Several folks who provide housing-related services expect homeowners and renters to show a little extra gratitude this time of year.
Q. We retired to a high-rise condo complex earlier this year. It's our understanding that the doorman is supposed to get a holiday tip, but we don't know how much to give him. What would be an appropriate amount?
A. Tipping, obviously, is a highly personal choice. Some feel extra generous this time of year, while others believe tips are never warranted because the service provider wouldn't be working if he or she wasn't already well-paid.
Though most folks don't think twice about leaving a few bucks for a restaurant waiter or bartender, homeowners and renters often forget that many of the people who work in or around their property also expect a show of gratitude during the holiday season.
A building doorman should get at least $20 or $30, says Diane Gottsman, an etiquette expert and founder of the San Antonio-based Protocol School of Texas. Tip more if you live in a high-cost area or in an upscale building, and include a note that specifies what you appreciate about the person and his or her services.
People who live in a single-family home and employ a gardener or landscaper usually tip the pro an amount equal to one-half or a full-month's pay. Nannies typically get a week's pay as a bonus, while part-time baby sitters get a tip that's equal to their usual nightly fee.
Some folks also feel that they should tip their mail carrier. The United States Postal Service prohibits carriers from taking money, but allows them to accept a gift card worth up to $20 as long as the card cannot be converted into cash. A box of candy, homemade cookies or the like are viable alternatives.
Oh, and if you're in a giving mood, please don't forget to tip your newspaper-delivery person $10 or $20. It may help to ensure you'll be able to read next week's real estate column!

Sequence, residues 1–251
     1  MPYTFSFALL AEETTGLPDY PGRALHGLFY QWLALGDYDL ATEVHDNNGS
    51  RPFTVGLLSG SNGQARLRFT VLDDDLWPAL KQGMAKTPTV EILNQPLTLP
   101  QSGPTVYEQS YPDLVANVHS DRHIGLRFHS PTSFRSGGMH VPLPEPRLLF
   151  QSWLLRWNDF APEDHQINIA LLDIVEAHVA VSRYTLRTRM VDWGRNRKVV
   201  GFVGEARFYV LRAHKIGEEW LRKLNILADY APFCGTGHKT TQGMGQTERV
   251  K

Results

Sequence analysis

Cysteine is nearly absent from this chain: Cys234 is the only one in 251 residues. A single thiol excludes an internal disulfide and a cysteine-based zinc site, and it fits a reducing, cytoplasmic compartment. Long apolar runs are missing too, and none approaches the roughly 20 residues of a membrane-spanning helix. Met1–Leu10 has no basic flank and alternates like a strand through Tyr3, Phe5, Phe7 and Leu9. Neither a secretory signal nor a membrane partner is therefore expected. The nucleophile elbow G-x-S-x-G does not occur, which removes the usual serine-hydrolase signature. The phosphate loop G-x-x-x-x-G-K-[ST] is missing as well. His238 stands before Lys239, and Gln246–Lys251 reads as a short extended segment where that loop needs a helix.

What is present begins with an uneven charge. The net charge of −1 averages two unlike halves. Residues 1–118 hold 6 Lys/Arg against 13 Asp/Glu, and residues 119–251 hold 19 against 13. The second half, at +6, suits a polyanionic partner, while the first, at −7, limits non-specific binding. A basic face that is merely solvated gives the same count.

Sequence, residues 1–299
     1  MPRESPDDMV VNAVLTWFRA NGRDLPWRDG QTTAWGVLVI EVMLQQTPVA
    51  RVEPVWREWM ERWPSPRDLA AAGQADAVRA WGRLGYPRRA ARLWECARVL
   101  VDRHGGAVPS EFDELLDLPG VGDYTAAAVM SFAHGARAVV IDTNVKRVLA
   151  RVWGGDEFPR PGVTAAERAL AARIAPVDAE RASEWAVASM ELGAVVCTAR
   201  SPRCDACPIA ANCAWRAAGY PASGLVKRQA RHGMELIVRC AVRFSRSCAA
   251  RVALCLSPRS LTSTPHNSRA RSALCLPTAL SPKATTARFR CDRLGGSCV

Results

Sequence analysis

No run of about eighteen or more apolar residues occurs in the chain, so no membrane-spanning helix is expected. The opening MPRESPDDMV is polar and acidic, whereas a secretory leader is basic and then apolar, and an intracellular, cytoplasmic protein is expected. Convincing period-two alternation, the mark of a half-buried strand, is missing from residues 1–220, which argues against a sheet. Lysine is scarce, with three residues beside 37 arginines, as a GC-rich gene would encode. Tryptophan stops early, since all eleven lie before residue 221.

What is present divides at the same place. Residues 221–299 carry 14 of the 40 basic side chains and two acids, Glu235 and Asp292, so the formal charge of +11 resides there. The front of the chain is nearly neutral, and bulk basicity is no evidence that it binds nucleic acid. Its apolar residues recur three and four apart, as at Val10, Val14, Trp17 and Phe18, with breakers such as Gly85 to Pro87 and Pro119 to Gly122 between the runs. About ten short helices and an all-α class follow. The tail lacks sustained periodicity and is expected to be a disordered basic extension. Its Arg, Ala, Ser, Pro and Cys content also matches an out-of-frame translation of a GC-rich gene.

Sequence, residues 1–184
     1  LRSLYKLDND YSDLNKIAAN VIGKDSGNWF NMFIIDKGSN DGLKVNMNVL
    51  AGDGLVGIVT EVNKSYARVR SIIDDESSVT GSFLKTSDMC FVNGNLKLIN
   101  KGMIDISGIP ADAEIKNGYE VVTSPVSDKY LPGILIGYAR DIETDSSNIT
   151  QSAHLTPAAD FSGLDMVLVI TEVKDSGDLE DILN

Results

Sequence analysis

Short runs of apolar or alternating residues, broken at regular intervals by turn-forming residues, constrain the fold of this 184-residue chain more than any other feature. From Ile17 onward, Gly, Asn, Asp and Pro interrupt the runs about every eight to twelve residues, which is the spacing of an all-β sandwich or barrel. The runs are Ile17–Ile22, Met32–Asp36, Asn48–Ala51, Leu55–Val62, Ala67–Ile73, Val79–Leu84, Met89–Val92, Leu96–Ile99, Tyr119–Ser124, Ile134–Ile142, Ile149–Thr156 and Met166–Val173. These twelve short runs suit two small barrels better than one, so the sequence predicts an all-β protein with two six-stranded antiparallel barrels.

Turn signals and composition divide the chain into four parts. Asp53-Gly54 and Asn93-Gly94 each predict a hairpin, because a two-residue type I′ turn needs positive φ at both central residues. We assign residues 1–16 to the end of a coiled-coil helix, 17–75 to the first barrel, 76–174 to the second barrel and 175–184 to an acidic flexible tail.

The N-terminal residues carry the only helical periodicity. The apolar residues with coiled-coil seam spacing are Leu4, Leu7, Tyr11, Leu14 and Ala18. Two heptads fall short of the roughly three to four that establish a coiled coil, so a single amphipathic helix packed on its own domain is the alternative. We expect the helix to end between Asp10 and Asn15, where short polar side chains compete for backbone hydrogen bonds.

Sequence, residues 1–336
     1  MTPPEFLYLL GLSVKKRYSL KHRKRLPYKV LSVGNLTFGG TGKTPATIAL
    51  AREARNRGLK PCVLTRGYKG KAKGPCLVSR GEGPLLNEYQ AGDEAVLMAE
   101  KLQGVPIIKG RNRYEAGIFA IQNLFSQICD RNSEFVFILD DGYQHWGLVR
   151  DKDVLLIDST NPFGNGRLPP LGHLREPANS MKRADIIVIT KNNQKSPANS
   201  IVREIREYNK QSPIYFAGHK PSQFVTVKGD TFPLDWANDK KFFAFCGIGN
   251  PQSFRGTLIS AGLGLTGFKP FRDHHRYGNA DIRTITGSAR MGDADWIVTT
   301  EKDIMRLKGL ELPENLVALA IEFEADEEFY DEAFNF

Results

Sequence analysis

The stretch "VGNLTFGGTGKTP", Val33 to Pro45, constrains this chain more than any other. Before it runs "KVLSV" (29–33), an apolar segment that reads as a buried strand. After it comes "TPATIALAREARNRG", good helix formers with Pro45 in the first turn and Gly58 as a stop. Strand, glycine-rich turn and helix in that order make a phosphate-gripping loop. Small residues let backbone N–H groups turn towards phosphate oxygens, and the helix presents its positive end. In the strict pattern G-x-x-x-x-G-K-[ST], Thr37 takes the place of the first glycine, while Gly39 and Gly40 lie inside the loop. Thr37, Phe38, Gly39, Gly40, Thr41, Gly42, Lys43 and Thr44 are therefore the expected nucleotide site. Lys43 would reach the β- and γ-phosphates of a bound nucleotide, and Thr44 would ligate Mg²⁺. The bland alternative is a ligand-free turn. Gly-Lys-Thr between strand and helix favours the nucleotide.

Q. We are adding an entertainment center to our home. Should we buy a new big-screen HDTV now, at holiday sale prices, or will we save even more money if we wait until Christmas is over?
A. A lot depends on the type of high-density television you want.
If you're willing to settle for a "generic" HDTV that doesn't have a recognizable brand name, go ahead and buy it now. Many retailers slash prices to the bone on their own lines of televisions and other appliances this time of year, hoping that you'll linger long enough in the store to buy other household items or gifts with higher profit margins.
If you instead desire a name-brand HDTV -- Samsung, LG, Sony or the like -- you'll probably save money if you delay the purchase until mid- or late January. That's when retailers cut prices on televisions with more familiar names as the Super Bowl approaches.
Football's Big Show will be held Feb. 1. Expect prices on those name-brand HDTVs to be about 10 percent lower than they were on Black Friday, experts at bargain-hunting Internet site DealNews.com say.
There are a few other home-related purchases you probably should delay until next month. Though there are some good deals on furniture today, expect even steeper discounts in January as stores clear floor space for the new styles that will be released in February.
Retailers also typically offer their biggest discounts on treadmills and other in-home exercise equipment in January, hoping to cash in on the millions of Americans who vow to lose weight (but rarely do) in the new year. Expect cuts of up to 50 percent or more off regular prices, analysts at Deals2Buy.com say.
Q. I am retiring from the Air Force after 18 years of service. I have lived on-base my entire career, but now I'd like to buy a house. Could I get a VA loan to buy a duplex or small apartment building, live in one unit and rent out the others?
A. Yes. The Veterans Affairs office will guarantee loans for eligible vets to purchase a property with up to four dwelling units, provided that one of the units will be their primary residence.
You can get details by calling the VA at (877) 827-3702 or by visiting its terrific website, www.va.gov.
Real estate trivia: The U.S. Labor Department reports the average American household doled out $1,913 in cash contributions in 2012, from tips and charitable donations to pocket change for the homeless.
• For the booklet "Straight Talk About Living Trusts," send $4 and a self-addressed, stamped envelope to David Myers/Trust, P.O. Box 4405, Culver City, CA 90231-4405.
© 2014, Cowles Syndicate Inc.